Tips for travelling in Tokyo
The Tokyo subway is full of curves and swerves to manoeuvre as it is made up of different transport companies intertwining together into one network.
If you can figure it out without a hitch, then it is safe to say that you will be able to survive any other train systems in the world. Aside from the close proximity of each train stations that makes one mistakenly thought that they are all connected, the signs are sometimes far and few, not to mention misleading.
Below are some basic information a foreigner needs to orientate themselves. And hopefully with some luck, you will be spared from having to pull your hairs in frustration
Stick to the major contenders
The bigger transport companies are JR, Tokyo Metro and Toei. JR alone has many lines running across Tokyo, and not just the famous Yamanote line. And yes. Tokyo Metro is not referring to the whole Tokyo train system but rather is the name of a transport company, such as SMRT vs SBS Transit’s NorthEast Line. As such, your best bet would be to stick to these 2 major companies when travelling within Tokyo, because it is unlike in Singapore, where you can change lines of different companies and not have to exit the gantry. And by exiting the gantry, it would mean that you would have to buy a separate ticket for just that one trip.
Get train passes that’s meant for tourist only
There are several type of train passes, but the ones that I find most useful is JR’s Tokunai pass and Tokyo Metro’s Tokyo Subway Ticket. While the former can be used on the JR Yamanote line, the latter can be used on both Tokyo Metro and Toei subway lines, which is more than sufficient in covering the whole network. (For the difference between the two, refer to Tips on how to choose a hotel in Tokyo)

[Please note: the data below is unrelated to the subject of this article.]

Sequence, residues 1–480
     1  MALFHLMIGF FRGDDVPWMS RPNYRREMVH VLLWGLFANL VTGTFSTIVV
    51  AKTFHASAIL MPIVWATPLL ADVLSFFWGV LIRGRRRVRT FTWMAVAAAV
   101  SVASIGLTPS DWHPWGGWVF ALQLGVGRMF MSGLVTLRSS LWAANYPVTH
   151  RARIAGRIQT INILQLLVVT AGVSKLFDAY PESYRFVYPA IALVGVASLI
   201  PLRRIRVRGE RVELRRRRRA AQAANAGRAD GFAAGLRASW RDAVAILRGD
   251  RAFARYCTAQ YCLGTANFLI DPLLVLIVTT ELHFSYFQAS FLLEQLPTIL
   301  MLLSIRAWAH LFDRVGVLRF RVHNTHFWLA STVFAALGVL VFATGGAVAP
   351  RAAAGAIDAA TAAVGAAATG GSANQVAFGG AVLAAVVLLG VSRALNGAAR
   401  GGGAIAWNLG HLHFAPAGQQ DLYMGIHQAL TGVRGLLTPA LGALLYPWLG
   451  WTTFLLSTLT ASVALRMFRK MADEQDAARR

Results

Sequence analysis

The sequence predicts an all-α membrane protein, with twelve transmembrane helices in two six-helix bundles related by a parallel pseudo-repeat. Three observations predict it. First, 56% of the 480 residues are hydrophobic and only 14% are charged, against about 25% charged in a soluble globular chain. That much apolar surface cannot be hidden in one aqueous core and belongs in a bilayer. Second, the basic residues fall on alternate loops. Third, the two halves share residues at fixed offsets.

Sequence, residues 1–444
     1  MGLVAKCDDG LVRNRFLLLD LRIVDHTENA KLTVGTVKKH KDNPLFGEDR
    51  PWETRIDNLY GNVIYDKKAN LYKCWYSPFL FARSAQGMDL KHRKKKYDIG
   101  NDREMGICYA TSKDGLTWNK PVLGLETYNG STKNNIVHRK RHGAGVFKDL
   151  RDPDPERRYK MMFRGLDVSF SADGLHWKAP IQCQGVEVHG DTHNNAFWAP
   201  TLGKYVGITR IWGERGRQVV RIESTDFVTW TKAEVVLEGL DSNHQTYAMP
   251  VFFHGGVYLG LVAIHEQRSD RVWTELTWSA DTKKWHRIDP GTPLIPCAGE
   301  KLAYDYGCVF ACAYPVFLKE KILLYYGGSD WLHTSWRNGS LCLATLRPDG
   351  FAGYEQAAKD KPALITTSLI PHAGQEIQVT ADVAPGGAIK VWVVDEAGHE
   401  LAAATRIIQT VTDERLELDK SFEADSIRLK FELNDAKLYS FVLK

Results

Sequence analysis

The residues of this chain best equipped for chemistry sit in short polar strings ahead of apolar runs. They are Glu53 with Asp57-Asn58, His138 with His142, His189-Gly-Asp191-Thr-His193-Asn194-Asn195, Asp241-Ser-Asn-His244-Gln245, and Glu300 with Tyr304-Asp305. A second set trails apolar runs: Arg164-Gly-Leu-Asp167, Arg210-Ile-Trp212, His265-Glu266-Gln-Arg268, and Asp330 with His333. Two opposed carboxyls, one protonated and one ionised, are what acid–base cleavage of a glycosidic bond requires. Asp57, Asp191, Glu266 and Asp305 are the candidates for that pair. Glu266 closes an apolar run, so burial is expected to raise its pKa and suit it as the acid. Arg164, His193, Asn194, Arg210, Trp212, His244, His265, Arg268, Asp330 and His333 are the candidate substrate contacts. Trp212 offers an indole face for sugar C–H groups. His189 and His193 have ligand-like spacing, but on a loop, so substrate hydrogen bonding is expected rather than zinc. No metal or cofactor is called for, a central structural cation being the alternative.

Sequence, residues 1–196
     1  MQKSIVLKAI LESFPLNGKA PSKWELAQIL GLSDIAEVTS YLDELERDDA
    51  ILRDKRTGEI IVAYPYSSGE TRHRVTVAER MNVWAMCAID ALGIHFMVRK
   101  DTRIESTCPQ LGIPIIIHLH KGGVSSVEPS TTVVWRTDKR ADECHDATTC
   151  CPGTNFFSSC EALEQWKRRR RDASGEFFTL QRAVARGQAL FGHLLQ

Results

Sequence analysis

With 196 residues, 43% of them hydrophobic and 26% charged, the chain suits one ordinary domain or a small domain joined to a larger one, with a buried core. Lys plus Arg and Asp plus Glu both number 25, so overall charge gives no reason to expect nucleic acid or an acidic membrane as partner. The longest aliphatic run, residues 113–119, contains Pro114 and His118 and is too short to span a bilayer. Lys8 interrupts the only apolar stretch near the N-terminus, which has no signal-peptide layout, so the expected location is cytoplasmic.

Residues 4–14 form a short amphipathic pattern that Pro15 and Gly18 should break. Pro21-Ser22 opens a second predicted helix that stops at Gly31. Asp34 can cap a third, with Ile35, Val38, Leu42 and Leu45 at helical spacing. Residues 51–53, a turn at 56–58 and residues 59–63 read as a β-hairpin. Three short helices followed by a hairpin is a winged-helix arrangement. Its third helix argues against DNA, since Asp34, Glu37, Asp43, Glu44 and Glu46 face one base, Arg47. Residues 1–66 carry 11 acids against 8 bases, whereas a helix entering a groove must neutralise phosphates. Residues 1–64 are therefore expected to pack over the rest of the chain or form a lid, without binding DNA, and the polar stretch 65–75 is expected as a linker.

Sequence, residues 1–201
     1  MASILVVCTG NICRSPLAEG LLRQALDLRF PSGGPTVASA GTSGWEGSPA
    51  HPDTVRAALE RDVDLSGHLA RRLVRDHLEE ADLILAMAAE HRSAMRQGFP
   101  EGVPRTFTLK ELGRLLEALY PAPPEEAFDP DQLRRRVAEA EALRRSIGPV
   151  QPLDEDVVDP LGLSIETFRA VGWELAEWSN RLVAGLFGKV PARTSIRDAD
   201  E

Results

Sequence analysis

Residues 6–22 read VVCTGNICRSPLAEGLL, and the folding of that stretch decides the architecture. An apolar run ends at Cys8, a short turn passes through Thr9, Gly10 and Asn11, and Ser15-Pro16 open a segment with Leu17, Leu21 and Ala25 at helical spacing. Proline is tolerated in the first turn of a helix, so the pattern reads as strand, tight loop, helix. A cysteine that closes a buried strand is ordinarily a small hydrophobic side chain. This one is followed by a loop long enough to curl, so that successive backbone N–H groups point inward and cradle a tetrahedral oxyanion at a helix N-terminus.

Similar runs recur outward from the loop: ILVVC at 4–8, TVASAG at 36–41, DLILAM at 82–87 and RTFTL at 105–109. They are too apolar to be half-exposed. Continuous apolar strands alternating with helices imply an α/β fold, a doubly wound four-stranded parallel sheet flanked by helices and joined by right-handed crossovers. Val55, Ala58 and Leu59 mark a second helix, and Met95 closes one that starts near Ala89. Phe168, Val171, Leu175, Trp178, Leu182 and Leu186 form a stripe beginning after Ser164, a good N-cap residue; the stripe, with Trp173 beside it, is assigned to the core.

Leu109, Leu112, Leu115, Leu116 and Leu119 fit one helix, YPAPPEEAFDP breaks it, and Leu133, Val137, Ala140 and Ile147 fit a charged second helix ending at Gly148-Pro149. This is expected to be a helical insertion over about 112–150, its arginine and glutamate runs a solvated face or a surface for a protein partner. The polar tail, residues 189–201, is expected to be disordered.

These 2 options are cheaper than dozen other ones in the market, but they are only useful should you intend to cover a few places in that day. The lowest price on the JR line is 140 yen, and Tokyo Metro 170 yen. Therefore, you would need at least 5-6 short trips in order to make it worthwhile to purchase. Check the fare of your itinerary on hyperdia (for JR) and Tokyo Metro fare calculator to be sure.
Pasmo or Suica?
When it comes to convenience, nothing beats having a rechargeable card for your travel needs. Not only do you not need to have coins in your possession all the time, the few yens that you save over time from a trip can add up to earn you another trip. For example, should you use the rechargeable IC cards it costs 165 yen instead of 170 yen. Believe it or not, this is something I had JUST started doing, after what seems like, 10 trips to Tokyo! (What was I thinking)
So should you choose Pasmo or Suica? Except the fact that both of them are offered by Tokyo Metro and JR respectively, they do not have any difference in their usage. BUT, while Suica charges 220 yen for refunds done on their cards, Pasmo refunds are F.O.C FREE OF CHARGE! Therefore, the answer is clear. Clearly, Pasmo can only be purchased at Tokyo Metro stations and Suica at JR stations.